Rhones educate people after drunk-driving death

Samantha Rhone was deep into the grieving process by the time she watched four people go down for crimes related to her big brother’s death.

Samantha Rhone was deep into the grieving process by the time she watched four people go down for crimes related to her big brother’s death.

“I could see their families in the courtroom,” she said. “Everyone was in so much pain. You could see it on their faces and feel it in the room.”

Such is the evil of drinking and driving.

Everyone lost when Damian Scott Mackey downed more than nine drinks and got behind the wheel of his Mazda 626 in the early morning hours June 2.

Nineteen-year-old Steven Rhone was in Bellingham at the time to tell his friends there that Western Washington University had accepted him as a transfer.

He was walking across an intersection with two friends when Mackey blew a stop sign at around 50 mph and struck him with his car.

Steven died of head injuries shortly thereafter.

“As a parent, you try to prepare for that phone call,” said Steven’s father, Steven Sr. “You can’t.”

Mackey pled guilty in October to vehicular homicide and a felony hit-and-run. He’s now in the midst of a 4 ½-year prison term.

The sentence for Steven and his family will last forever.

“The guy who killed him will get out and go about his life,” said Steven’s mother, Sandra. “We don’t have that luxury to go on, because something is missing.”

Still, the healing process has to begin somewhere.

The Rhones started by establishing a scholarship with around $70,000 donated in lieu of flowers after Steven’s death.

The funds help pay for teams and individuals from Washington to attend the national Distributive Education Clubs of America (DECA) marketing competition each year.

Steven, a 2006 Inglemoor graduate, had been active in the organization during high school.

Samantha followed in his footsteps, and even managed to win second place in the restaurant- and food-services management division at DECA’s national event this year.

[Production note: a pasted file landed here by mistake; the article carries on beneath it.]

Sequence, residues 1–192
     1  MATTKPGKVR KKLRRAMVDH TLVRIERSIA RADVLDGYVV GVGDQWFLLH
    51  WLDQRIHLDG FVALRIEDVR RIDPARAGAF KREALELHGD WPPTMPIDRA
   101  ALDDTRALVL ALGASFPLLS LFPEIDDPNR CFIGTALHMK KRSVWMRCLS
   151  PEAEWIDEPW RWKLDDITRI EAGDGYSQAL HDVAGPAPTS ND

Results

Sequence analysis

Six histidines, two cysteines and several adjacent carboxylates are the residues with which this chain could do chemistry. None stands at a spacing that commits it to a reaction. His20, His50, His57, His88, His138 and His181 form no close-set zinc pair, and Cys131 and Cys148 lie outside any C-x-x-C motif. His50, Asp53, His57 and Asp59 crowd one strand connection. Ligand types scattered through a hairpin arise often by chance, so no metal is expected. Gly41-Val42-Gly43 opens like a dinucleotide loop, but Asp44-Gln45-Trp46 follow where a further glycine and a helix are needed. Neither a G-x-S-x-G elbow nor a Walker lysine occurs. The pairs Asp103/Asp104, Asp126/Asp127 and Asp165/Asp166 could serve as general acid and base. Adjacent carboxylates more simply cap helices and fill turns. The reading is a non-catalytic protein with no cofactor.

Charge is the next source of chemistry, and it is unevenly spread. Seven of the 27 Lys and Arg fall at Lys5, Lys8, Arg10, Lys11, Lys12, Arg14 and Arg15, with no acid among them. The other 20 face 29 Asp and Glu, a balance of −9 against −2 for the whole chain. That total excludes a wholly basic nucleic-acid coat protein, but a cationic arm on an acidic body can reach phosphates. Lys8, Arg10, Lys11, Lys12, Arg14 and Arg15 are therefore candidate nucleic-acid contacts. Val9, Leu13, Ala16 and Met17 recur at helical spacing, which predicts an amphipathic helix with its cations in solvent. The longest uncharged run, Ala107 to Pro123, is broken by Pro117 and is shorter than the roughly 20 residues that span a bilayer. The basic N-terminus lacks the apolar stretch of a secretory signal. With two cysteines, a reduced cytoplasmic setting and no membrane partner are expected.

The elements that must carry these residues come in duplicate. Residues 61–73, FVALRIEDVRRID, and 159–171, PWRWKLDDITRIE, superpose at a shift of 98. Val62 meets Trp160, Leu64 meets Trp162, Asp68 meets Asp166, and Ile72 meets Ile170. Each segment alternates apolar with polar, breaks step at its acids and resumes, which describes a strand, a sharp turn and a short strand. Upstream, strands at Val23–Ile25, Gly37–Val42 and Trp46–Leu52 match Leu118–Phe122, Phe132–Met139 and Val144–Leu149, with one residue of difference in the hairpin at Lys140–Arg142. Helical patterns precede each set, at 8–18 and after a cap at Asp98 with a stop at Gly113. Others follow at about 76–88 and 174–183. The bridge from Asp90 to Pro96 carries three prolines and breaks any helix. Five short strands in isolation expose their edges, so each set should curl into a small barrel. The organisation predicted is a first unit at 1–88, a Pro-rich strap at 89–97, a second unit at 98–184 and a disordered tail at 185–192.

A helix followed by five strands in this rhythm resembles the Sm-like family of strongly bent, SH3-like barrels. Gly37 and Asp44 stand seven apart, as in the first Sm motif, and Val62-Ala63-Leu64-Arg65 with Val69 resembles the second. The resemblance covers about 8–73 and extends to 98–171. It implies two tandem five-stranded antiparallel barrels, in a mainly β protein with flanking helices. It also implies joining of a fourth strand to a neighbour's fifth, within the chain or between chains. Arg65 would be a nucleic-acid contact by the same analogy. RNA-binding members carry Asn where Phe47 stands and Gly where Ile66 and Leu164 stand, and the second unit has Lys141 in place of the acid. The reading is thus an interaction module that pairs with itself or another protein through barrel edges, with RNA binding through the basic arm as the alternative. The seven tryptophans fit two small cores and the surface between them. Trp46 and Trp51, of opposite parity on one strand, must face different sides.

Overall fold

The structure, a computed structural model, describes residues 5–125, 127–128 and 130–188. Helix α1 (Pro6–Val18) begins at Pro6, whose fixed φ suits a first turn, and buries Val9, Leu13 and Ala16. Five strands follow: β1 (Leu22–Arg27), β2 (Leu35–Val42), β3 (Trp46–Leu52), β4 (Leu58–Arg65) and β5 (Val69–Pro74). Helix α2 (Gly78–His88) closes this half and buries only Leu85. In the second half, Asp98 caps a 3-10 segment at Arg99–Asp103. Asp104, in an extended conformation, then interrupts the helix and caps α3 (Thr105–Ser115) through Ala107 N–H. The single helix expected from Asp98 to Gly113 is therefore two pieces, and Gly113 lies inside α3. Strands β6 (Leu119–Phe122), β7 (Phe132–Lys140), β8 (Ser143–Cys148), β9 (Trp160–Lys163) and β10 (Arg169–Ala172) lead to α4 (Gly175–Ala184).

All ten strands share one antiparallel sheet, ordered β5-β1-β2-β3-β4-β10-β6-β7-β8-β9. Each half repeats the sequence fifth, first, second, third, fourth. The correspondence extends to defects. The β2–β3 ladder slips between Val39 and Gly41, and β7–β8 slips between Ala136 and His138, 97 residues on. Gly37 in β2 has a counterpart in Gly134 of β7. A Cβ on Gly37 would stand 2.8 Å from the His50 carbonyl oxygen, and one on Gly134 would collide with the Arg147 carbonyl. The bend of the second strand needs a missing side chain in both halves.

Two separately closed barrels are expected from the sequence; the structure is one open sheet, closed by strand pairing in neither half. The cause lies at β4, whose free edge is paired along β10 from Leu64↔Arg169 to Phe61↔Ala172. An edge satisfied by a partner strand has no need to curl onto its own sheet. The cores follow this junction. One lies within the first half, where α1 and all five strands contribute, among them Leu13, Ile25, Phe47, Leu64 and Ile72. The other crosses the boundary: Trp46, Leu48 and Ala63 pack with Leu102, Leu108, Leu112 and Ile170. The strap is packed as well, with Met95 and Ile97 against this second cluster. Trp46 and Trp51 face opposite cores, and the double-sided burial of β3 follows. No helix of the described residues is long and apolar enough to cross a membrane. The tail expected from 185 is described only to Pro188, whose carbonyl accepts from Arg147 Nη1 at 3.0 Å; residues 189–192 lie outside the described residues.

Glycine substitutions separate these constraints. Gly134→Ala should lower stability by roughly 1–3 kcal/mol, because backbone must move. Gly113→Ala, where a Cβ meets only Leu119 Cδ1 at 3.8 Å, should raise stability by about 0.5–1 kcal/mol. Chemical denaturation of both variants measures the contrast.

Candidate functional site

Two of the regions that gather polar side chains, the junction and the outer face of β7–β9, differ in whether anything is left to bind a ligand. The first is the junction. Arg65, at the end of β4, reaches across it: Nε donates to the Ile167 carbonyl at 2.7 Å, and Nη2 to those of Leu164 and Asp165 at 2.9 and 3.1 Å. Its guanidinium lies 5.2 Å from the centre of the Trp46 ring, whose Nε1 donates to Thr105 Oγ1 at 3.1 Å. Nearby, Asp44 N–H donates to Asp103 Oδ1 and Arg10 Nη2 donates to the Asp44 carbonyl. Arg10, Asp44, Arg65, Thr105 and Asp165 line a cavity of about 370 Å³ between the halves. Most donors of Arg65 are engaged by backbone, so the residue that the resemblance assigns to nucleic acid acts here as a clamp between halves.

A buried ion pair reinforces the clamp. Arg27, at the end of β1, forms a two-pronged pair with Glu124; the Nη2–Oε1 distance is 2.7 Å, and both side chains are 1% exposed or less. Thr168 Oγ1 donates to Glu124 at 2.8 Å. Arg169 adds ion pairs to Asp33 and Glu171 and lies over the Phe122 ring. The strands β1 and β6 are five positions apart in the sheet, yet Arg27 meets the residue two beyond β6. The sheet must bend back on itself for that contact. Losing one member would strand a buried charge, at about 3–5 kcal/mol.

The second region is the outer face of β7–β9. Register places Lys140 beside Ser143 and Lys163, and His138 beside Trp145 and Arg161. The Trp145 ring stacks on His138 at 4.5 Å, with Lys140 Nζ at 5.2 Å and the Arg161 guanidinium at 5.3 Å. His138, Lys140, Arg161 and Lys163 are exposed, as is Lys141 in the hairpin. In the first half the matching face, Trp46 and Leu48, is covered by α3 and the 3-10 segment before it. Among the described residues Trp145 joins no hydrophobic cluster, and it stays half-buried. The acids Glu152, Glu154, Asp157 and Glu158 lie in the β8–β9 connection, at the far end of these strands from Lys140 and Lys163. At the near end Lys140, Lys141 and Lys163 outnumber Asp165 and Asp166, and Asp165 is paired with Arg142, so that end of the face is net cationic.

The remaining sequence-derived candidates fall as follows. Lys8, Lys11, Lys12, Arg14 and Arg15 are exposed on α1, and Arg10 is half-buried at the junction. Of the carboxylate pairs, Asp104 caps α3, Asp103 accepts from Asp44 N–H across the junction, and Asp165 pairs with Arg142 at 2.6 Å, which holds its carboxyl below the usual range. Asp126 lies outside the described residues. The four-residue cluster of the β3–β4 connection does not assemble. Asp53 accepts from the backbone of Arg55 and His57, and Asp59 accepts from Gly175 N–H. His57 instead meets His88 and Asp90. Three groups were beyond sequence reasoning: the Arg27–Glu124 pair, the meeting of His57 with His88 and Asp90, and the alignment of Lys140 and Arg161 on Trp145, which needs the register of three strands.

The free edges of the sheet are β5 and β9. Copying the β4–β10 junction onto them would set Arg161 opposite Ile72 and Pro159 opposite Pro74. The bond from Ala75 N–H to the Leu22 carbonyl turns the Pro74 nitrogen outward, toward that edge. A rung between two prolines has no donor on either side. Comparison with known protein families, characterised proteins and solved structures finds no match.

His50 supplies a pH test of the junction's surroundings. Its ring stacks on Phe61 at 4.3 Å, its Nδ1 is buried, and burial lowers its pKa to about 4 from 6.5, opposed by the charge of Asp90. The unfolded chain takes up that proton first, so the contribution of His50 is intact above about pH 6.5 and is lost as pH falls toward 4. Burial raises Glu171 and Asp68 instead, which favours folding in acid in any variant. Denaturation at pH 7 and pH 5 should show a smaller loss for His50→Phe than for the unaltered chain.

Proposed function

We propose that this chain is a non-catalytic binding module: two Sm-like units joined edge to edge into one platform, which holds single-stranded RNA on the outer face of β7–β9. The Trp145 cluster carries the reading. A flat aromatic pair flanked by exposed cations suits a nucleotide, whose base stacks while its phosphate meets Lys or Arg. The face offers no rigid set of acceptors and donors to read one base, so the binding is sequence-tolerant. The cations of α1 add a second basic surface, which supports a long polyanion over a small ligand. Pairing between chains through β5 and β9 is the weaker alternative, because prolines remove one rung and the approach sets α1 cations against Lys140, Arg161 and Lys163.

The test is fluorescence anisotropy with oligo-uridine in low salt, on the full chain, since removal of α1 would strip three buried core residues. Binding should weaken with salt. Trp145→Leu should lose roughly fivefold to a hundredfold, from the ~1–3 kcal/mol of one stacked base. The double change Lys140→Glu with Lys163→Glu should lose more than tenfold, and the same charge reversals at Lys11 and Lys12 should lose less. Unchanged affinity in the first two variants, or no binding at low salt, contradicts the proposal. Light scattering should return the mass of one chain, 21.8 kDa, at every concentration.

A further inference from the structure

“I won that award for both of us,” she said. “He’s the reason I joined the club in the first place.”

Samantha isn’t alone in honoring her brother.

Steven’s childhood friends have dedicated a Redmond basketball court in his name, and the city of Bellingham posted a memorial sign at the intersection where he was killed.

Sandra does her part by raising awareness about the facts behind drinking and driving. She joined Mothers Against Drunk Driving, and also plans to work on legislation that would require stricter sentencing for people who commit vehicular homicide while under the influence.

“It’s not that having people in jail longer will make me feel any better or worse,” Sandra said.

“It’s about creating a deterrent.”

Inglemoor students will witness the perils of drunk driving when they observe a mock accident during the school’s annual senior assembly May 23. The demonstration involves mangled cars, actors covered in fake blood and an airlift.

Samantha plans to deliver a speech about her brother during the event.

“I want people to feel the pain and understand the pain we feel every day,” she said. “It’s enormous.”